Wednesday, September 19, 2012

Progress or Dystopia, Part 4

Equal Rights

The last main claim in support of progress is that modern society is so much more tolerant and progressive than “traditional” societies. We ended slavery. We ended Jim Crow. Women entered the workforce. Gays can serve in the military. Let’s pat ourselves on the back.

I addressed some of these claims in my post about issue based change versus systemic change. If you think the U.S. has eradicated its racial caste system, read Michelle Alexander’s book The New Jim Crow. If you think modern, industrial societies have successfully dealt with racism, read any comment thread that exists anywhere on the internet. If you think women are liberated, look at statistics concerning rape and eating disorders, examine the gendered division of labor in any industry or organization, and look at the images of women promulgated by the entertainment industry. If you think America (or any other industrial society) is a melting pot, pay attention to discussions (and I use that word lightly) about immigration. You do not need to look hard to find hateful language directed at any particular group of people. In fact, the internet has made it easier to disseminate this vitriol.

The fact of the matter is, all of the social/economic/political processes that demand structured inequality remain in place. It is important to note that the ideological basis of these divisions and prejudices are completely modern:

-The concept of “race” developed in the Enlightenment era as a means of creating divisions among the population of people oppressed by the nascent capitalist system. It has continued to function as a mechanism for segregating interests and obtaining free or cheap labor.

-The relegation of women’s work to the domestic sphere was a product of the new division of labor that emerged when production moved outside of the home and into the factory. Furthermore, the absorption of women into the post-WW2 labor force is a reflection of the need for cheap labor, an expanded labor force and a new market for manufactured goods (dishwashers! washing machines! mass-produced clothes!). The combination of these two forces (domestic responsibility and careers outside the home) has only served to double the burden that women must bear. Now women are expected to do it all.

-Michel Foucault argued that the idea of “homosexuality” (even more, sexuality in general) did not arise until the late 19th century, and has served to make sexual activities definitive of a person’s entire identity and consciousness as a human being. Some scholars have provided evidence that the creation of “homosexuality” as a pathological mode of being was born out of eugenicist fears that white reproduction was not occurring at a healthy rate. It should never be forgotten that “homosexuality” was a scientific/medical concept before it entered popular discourse.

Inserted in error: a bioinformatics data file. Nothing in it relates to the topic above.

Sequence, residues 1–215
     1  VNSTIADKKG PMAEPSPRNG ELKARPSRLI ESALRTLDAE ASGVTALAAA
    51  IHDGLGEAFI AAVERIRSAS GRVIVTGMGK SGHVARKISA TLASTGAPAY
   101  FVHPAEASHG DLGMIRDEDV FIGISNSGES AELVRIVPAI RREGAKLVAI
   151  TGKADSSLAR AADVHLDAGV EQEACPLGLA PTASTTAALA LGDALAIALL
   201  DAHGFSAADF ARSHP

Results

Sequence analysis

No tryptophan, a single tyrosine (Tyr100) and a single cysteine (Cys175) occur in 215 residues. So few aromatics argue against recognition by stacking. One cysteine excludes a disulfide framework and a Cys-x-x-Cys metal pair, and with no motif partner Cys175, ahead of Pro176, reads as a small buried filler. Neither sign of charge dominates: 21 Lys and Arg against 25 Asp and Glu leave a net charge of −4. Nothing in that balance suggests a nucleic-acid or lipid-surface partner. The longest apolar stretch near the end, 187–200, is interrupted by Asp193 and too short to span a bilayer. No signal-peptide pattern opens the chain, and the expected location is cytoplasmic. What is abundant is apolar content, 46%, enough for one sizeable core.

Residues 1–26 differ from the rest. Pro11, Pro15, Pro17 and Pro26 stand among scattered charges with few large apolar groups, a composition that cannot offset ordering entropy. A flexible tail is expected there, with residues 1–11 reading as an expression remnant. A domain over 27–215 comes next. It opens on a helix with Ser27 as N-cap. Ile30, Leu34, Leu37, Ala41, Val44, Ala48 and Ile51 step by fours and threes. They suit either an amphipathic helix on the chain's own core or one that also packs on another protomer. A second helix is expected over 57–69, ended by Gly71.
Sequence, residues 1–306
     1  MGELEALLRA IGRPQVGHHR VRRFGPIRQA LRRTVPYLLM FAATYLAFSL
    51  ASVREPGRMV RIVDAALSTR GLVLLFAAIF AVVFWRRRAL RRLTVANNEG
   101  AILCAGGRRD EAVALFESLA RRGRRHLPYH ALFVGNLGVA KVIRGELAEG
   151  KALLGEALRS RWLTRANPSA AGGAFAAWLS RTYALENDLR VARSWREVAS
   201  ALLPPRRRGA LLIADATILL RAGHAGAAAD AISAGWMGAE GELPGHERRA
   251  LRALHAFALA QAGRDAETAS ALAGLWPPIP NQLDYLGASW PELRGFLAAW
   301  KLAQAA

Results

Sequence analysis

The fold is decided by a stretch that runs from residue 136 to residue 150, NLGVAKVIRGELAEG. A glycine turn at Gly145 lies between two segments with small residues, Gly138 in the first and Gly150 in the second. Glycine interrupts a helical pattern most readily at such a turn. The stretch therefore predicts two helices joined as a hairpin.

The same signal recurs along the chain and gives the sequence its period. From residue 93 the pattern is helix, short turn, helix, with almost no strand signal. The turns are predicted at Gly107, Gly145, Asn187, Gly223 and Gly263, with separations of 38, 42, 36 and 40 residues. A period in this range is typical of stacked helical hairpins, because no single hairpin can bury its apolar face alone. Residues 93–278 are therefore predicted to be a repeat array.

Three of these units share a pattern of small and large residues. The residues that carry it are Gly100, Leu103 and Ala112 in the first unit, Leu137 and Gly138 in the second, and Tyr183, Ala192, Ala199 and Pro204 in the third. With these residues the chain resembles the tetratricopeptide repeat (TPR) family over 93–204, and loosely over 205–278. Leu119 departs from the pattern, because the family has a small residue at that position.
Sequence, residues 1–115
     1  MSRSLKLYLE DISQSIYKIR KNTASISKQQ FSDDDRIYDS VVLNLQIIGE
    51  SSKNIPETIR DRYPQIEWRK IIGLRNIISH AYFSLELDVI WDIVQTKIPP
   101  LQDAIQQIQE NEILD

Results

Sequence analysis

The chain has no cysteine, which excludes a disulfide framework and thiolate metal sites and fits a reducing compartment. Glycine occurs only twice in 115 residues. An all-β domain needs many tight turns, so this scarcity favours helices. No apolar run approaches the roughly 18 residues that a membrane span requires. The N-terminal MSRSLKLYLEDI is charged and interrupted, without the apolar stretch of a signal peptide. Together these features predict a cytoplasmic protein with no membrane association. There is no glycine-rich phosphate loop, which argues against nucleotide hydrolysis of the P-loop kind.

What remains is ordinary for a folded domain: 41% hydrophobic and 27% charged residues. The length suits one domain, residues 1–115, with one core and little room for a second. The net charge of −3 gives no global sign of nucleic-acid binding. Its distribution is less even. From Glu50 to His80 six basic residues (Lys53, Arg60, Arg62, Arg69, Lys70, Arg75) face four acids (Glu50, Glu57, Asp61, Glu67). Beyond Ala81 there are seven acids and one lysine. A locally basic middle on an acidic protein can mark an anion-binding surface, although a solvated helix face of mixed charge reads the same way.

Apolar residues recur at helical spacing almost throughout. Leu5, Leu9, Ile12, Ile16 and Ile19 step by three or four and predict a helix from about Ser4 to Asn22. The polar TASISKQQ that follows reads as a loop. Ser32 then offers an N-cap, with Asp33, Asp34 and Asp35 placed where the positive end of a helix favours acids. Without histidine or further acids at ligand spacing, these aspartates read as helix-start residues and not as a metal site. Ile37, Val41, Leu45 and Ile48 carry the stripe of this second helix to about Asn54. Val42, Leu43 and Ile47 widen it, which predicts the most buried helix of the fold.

-It can be just as convincingly argued that fears/abhorrence of immigrants, terrorists, Muslims, and the like, are byproducts of colonialism and nation-building, especially the creation of immutable state boundaries, the ideals of ethnically “pure” states, and all the various forms of neocolonialism that produce backlash against the modern world order.

The prejudices that modernity, in all of its enlightened glory, is supposedly ameliorating are the very prejudices created by modernity.

Tuesday, September 18, 2012

Progress or Dystopia, Part 3

Democracy

Then there is the argument that, whatever flaws our current system may have, at least we are freeing ourselves from the shackles of tradition and tyranny. Democracy is spreading around the world. Surely, no one can deny that the formation of modern democracy is a marker of human progress.

What’s really at work here is another case of “loaded words.” Sometimes, using particular terminology may hinder a thorough reflection on the realities of a situation. It is clear, if one looks beyond the fa├žade of elections and representatives, that the only form of rule that exists is oligarchy. The average citizen in this modern world, no matter to which country she or he belongs, does not have any say whatsoever in how society is organized or how it functions.

It’s a wonder that a country like the U.S. can even sustain the illusion of any sort of real participation. People can choose between two candidates that have been pre-selected for them by party elites and corporate donors, and with whom they may have very little in common. People in the U.S. often lament that fact that neither candidate really represents their views or talks about the things they feel are important. Yet, for some reason this does not give anyone pause about the U.S.’s status as a democracy, or to rethink the idea of democracy in any critical way. How is it empowering to go into a high school gym every few years and bubble in the name of someone who doesn’t really represent your views? What kind of “voice” is that really?